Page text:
Pleasant View, Cudworth: Anger after man found dead at Barnsley home after five hour wait for emergency services
and live on Freeview channel 276
Concerns were raised about the wellbeing of Ricki Gillatt on Saturday, May 20, after a relative was unable to get any response from him at his front door, several days after he had last been seen alive, says his ex, Mark Giles, who was still friends with him.
When emergency services arrived at the scene and finally got into his flat, Ricki, aged 36, who had suffered mental health problems, was found dead.
‘Right Care, Right Person’
Mark has spoken of his concerns on the day the Government has announced the NHS, police and government are committing to a new approach ‘to ensure those requiring urgent mental health support receive timely care from the most appropriate agency’, under a scheme they are calling Right Care, Right Person.
Police say their officers arriving for mental health calls can sometimes do more harm than good.
After Ricki’s worried brother called him, Mark called the police on 101, as there was no sign of life at the house, and he had not seen Ricki since May 11. He left a message for a call back from the police switchboard, which he received 80 minutes after he first rang.
He was then told by South Yorkshire Police that they were not the right organisation to call about welfare or missing persons – and he should call the NHS 111 number and request an ambulance to go to the address. If there was no reply, the ambulance crew would call the fire service to get into the house for them, he was told.
111 call for mental health
He said when he called 111, the operator was unaware of the arrangement, and then there was an assessment, which took 47 minutes. Eventually, he was transferred from 111 to ambulance control.
He said after ‘virtually begging’, they said they would send a crew to Ricki’s flat, at Pleasant View, Cudworth, which arrived an hour later. There was no answer, so the fire service was called. But when they got inside the building, Ricki was found dead.
The process has left Mark, a former Hertfordshire police officer who dealt with mental health calls during his police career, angry and worried for others. He said he cannot say if a quicker response could have saved Ricki, originally from Thorne, near Doncaster, and that would be a matter for an inquest to hear.
Now he is calling on police to reverse the policy of passing mental health calls to other organisations.
He said: “They were told of his mental health and physical disabilities by myself and a neighbour, but this whole so-called new policy eventually took over five hours from initial call and a lot of begging to finally get an emergency service to attend and find the body.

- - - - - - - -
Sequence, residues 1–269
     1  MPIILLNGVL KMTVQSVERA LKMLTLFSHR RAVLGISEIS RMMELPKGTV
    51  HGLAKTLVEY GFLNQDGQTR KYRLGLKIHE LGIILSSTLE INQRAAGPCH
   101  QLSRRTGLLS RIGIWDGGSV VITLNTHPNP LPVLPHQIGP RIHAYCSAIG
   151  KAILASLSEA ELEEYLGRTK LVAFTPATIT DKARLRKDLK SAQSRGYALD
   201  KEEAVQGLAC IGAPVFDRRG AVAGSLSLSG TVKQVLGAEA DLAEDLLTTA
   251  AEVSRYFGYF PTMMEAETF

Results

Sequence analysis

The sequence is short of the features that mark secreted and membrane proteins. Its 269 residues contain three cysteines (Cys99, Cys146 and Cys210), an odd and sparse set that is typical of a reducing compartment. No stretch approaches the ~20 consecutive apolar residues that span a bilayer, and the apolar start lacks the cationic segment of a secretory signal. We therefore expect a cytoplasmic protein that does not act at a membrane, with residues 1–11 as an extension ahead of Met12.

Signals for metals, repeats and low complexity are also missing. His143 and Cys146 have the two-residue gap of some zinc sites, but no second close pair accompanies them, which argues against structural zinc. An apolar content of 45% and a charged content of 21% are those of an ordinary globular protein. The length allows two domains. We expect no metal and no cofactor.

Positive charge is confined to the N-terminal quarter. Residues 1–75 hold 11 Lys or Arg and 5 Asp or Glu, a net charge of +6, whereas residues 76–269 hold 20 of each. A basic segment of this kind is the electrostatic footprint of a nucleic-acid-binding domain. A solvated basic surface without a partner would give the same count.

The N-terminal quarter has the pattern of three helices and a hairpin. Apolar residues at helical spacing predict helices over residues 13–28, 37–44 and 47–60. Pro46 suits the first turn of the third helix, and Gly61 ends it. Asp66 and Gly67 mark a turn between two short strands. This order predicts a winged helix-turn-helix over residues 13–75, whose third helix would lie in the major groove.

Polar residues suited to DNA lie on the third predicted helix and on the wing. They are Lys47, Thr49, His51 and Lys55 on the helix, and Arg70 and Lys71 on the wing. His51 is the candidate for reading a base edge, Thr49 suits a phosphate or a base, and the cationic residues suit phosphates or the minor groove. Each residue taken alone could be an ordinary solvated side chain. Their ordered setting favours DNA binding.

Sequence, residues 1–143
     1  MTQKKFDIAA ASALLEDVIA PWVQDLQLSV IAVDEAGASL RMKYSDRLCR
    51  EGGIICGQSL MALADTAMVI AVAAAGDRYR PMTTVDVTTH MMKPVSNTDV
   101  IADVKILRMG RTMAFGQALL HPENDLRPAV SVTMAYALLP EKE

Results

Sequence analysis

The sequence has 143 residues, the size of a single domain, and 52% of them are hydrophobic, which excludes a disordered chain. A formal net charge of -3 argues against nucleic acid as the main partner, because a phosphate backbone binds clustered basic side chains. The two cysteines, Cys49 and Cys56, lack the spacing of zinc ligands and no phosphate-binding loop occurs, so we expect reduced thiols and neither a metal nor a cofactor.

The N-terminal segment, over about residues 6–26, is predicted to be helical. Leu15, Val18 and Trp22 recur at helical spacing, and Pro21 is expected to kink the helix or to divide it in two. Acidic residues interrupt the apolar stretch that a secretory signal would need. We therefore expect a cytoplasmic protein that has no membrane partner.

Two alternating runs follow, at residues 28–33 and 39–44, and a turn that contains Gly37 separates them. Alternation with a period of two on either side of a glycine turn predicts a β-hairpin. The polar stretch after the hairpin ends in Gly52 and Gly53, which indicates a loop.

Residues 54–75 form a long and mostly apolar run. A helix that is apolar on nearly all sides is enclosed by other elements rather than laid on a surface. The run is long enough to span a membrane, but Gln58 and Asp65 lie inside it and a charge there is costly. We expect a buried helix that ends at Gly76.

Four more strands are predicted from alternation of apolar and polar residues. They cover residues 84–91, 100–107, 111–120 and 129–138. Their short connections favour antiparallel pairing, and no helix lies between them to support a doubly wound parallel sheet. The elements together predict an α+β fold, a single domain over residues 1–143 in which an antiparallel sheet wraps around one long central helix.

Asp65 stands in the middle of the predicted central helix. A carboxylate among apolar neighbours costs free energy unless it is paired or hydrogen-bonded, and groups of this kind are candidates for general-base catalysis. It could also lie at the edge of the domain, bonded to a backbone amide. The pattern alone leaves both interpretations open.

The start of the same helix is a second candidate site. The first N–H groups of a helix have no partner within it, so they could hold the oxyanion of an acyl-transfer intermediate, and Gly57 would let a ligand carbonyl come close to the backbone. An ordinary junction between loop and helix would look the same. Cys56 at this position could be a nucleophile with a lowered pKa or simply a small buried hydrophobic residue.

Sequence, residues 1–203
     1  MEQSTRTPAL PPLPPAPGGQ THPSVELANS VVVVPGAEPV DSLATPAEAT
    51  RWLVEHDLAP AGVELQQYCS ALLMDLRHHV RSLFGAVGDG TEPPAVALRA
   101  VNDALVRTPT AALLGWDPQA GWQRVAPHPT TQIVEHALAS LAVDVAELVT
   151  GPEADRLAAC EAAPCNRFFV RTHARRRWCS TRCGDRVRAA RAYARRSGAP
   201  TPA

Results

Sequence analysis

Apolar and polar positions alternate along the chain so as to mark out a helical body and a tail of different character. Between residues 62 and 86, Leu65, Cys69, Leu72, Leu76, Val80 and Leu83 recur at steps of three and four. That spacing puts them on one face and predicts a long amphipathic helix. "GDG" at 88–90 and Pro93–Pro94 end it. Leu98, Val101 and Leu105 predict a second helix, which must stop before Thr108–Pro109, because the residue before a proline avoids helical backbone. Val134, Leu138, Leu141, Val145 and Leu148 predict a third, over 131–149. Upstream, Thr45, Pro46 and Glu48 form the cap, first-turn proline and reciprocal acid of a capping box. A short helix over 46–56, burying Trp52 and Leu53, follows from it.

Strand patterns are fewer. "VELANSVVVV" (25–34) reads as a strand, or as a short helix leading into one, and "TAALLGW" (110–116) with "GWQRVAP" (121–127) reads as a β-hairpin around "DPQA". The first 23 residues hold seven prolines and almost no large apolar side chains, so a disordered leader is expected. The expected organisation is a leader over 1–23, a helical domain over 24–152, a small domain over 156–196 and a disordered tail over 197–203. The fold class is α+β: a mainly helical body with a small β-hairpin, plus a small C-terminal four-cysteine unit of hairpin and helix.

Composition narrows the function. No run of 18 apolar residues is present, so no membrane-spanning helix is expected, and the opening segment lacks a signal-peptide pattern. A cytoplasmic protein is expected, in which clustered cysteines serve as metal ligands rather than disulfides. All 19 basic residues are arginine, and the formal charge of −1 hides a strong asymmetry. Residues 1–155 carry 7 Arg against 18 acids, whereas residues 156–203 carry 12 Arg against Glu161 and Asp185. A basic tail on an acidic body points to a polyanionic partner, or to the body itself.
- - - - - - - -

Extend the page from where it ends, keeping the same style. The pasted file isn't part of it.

“Everyone I’ve spoken to can think of plenty of scenarios where this policy is wrong but not one scenario where it’s good, other than for the police service.
‘Police need to go back to old process’
“The police need to go back to the old process, instead of making it take over four hours to get any help – and that was hard enough to do anyhow.”
South Yorkshire Police assistant chief constable Dan Thorpe said protecting vulnerable people and keeping people safe had always been, and remained, top priority, and a programme called ‘Right Care Right Person’ had been brought in to ensure the most suitable intervention to vulnerable members of the public who may require specialist support, was provided by the most appropriate service. He said by continuing to work with their partners, vulnerable and at-risk people got the right support they need at the time they need it.
Police have ‘limited training on mental and ill health’
He said: “The skills and support people need in relation to concerns for welfare or mental health related incidents, are often not those of a police officer. Being dealt with by a police officer can potentially have a detrimental impact on vulnerable people, who feel like they are being criminalised because of their mental ill-health. Officers have limited training on mental and ill health and have limited powers to intervene with people in their own home.
“Training has been taking place within the force regarding our call handlers and dispatch staff in the Force Control Room so they can confidently make decisions on those incidents our officers should be attending and those which are best-placed to be attended by other agencies. We continue to spend a lot of time liaising and working with partners, such as those in health and social care, to ensure the right service is provided to vulnerable people in a timely manner, by the right agency to best meet their needs.
“We are committed to ensuring we protect the most vulnerable members of our community by giving them the most appropriate support.”
24/7 mental health crisis phone lines
The Government says work is under way to provide 24/7 mental health crisis phone lines.
NHS England’s National Mental Health Director, Claire Murdoch, said: “It is vital that people experiencing a mental health crisis are given appropriate support and the NHS is committed to working with local police forces and their partners to ensure the right professional responds. Health services and police forces should use this agreement to develop protocols that best meet the needs of their local population, including seeking the views of patients, alongside assessing the additional resources they will need to deliver this.
“If you or someone you know is struggling with your mental health, the NHS has crisis helplines available 24/7, so please come forward.”